All of this cold weather has me thinking about taking a vacation. I really want to head to some place warm and with no snow outside the window. A place were all my worries would be hundreds of miles away. If you feel like this too, I know where we can go. Let’s start making our plans to go to the Aurora Station.
Orion Span founder and CEO Frank Bunger unveiled the Aurora Station concept on April 5 at the Space 2.0 Summit in San Jose, Calif. What is the Aurora Station? It is a new hotel that is expected to be the premier destination for space tourists. The Aurora Station will be launched into low Earth orbit in late 2021. The reservation counter is now open for rooms beginning in 2022. Continue reading “The Next Vacation Spot”
On Feb. 6, 2018, at 3:45 p.m., the Falcon Heavy Rocket launched from the Kennedy Space Center in Florida. During this launch, the first ever for the Falcon Heavy, Elon Musk sent his 2008 Tesla Roadster into space as a test payload. Images of the cherry red, electric-powered sports car were soon seen all over the world–and apparently elsewhere. Continue reading “Elon Musk’s Tesla Picks Up Hitchhiker”
Ever since humans started to fly in to space, one overwhelming question has existed. Can space travel change our bodies? In the early years of space travel, this question wasn’t very important. The men who went into space stayed there for a few hours to a few days. A seven-day flight was considered an extremely long flight. Today, the men and women who travel to the International Space Station stay in space for periods extending over a year. There are some astronauts and cosmonauts who have two space times over two years. Continue reading “How Does Space Change the Human Body?”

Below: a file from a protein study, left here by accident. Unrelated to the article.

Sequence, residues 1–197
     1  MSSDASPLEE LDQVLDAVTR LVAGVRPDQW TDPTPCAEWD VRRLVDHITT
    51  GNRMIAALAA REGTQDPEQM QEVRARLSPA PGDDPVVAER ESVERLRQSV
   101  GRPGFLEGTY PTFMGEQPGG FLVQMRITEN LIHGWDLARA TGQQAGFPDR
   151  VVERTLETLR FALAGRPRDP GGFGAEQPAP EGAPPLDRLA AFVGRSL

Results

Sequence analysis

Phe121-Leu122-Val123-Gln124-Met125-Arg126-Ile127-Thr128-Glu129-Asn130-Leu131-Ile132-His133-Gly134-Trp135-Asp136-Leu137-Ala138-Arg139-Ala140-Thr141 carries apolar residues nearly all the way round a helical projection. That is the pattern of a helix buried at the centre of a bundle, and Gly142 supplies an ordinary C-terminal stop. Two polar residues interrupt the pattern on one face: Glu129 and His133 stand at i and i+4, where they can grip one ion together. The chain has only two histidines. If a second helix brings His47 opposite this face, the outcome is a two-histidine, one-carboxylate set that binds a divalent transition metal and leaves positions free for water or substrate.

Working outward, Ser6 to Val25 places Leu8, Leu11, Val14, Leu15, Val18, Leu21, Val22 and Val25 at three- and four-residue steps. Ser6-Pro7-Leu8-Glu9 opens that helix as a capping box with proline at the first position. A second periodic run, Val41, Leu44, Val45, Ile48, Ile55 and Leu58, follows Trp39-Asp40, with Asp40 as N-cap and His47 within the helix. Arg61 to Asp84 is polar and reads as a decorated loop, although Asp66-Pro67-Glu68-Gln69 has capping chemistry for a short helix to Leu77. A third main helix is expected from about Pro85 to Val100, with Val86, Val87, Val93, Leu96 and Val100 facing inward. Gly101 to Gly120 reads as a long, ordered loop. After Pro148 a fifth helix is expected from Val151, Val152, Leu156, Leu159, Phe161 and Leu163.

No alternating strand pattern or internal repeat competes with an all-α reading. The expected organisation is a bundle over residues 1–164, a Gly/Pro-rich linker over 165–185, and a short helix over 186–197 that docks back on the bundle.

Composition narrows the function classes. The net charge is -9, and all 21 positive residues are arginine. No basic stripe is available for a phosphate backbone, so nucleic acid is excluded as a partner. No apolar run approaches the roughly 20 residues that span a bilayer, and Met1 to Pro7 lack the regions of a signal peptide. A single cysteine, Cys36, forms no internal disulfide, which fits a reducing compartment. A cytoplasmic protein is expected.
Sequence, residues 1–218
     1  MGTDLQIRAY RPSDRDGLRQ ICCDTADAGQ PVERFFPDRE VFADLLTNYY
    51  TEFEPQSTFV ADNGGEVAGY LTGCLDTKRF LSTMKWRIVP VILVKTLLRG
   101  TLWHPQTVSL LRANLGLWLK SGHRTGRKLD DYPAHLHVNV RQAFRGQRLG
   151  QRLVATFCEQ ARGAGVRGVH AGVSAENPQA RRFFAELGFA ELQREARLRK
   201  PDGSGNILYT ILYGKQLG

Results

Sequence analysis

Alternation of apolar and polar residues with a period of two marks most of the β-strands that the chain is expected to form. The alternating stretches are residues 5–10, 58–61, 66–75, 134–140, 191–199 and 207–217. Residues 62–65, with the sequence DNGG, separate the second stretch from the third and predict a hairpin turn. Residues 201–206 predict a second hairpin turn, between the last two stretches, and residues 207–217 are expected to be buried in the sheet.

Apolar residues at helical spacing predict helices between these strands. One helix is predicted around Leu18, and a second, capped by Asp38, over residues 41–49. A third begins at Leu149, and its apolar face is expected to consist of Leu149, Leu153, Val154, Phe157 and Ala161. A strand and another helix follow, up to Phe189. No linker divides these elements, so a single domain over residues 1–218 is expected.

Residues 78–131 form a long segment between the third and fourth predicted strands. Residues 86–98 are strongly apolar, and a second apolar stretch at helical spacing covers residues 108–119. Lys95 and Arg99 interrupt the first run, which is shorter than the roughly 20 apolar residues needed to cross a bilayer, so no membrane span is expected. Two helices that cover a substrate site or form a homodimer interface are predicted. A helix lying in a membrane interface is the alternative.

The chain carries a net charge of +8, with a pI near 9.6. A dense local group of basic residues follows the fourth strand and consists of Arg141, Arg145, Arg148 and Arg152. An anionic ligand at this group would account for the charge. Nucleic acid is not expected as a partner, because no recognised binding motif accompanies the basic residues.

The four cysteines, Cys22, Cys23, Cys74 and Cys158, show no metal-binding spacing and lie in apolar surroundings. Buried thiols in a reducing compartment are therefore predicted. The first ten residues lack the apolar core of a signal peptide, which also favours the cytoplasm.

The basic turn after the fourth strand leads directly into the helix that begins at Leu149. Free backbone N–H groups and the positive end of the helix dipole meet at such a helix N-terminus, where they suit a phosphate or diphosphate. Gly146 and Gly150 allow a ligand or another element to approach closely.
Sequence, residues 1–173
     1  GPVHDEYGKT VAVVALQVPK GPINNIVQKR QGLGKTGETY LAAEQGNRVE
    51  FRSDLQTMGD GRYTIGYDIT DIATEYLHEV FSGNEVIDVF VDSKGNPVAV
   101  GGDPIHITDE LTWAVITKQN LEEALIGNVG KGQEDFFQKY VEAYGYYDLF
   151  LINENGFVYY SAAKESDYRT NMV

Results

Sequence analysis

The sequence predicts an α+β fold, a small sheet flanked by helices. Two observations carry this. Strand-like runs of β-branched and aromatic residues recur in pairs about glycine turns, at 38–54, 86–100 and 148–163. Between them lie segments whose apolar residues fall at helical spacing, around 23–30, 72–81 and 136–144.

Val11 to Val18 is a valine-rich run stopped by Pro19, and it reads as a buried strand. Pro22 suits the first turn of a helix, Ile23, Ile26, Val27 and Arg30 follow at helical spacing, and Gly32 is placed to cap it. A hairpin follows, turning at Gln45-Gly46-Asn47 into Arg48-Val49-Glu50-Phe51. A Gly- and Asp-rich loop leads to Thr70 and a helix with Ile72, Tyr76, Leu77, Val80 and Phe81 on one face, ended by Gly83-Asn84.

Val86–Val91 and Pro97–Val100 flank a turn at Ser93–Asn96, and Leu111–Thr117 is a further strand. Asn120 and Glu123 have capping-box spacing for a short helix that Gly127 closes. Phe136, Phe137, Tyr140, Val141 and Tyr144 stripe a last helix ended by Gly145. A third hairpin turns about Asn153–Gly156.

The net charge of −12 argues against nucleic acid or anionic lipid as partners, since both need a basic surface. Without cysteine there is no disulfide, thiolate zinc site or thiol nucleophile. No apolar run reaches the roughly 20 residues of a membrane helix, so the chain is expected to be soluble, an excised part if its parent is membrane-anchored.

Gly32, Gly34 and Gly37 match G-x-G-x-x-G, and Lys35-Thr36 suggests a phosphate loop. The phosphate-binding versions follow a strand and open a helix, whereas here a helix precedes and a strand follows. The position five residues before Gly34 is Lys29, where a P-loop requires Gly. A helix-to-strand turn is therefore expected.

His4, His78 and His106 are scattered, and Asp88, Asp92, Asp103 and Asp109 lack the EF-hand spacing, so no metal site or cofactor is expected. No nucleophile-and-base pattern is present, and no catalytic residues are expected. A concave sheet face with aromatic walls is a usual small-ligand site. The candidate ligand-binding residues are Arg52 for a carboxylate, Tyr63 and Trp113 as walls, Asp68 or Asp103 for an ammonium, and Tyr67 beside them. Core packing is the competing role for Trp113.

I am starting this article with a small disclaimer. The Falcon Heavy Rocket was scheduled to launch after this article was due into the U Times. Hopefully, the launch went well. Continue reading “SpaceX Falcon Heavy Rocket to Mars”
We see the sun in the sky almost every day. Most of us think the sun is a white or yellow orb that shines brightly in the sky, never changing, always the same. This is not true, however. The sun has massive eruptions, huge flares and spots that may be several times the size of the Earth. Continue reading “Solar Minimum Is Coming”
On Oct. 19, 2017, a new object was discovered passing through the inner solar system. The discovery of new objects passing through the inner solar system is not all that unusual. What is unusual is where this object may come from. It is not from our solar system. If this is true, it will be the first extra-solar system object discovered passing through our solar system. Continue reading “A Visitor From Outside Our Solar System”
Geopolitics played a big role in the push to space. Attempts to be the first to get to space and even the moon were not done for altruistic reasons. They were done to prove one political philosophy was better than another. Was democracy better or was communism? Who would be the best? Continue reading “October and the Space Race”
Hello everyone and welcome to the University of Maine at Presque Isle. If you are interested in astronomy, we have several treats for you in and around the Presque Isle area. The University Times runs this ongoing article about astronomy and the university has an astronomy club that works closely with the local Aroostook County Astronomy Club to provide educational opportunities and occasional observing nights throughout the year. Continue reading “Astronomy in Aroostook County”
Hello everyone. It is time to get ready for the summer. After this winter, I am sure you are ready for warn summer nights. I know I am. Listed below are the events that will be happening in the skies above our heads this summer.
Probably the best way to keep up to date on astronomical events would be to join the UMPI/Aroostook County Astronomy Club’s Facebook page. This page will provide you with interesting astronomy articles and information on upcoming astronomical events and club activities. Continue reading “Summer 2017”
Astronomy Day was first celebrated on California in 1973. It was developed as a program to share information about astronomy with the general public. In 1973, astronomy day was only held in the fall. Today, it is held in the fall and the spring.
This year’s Spring International Astronomy Day is scheduled for April 29. Throughout the world, thousands of people will have an opportunity to learn about astronomy and, weather permitting, look through telescopes at the sun and the nighttime sky. These events are sponsored by groups such as astronomy clubs, observatories, planetariums, libraries and other entities that promote astronomy and space science. Continue reading “April 28 and 29 – International Astronomy Day events”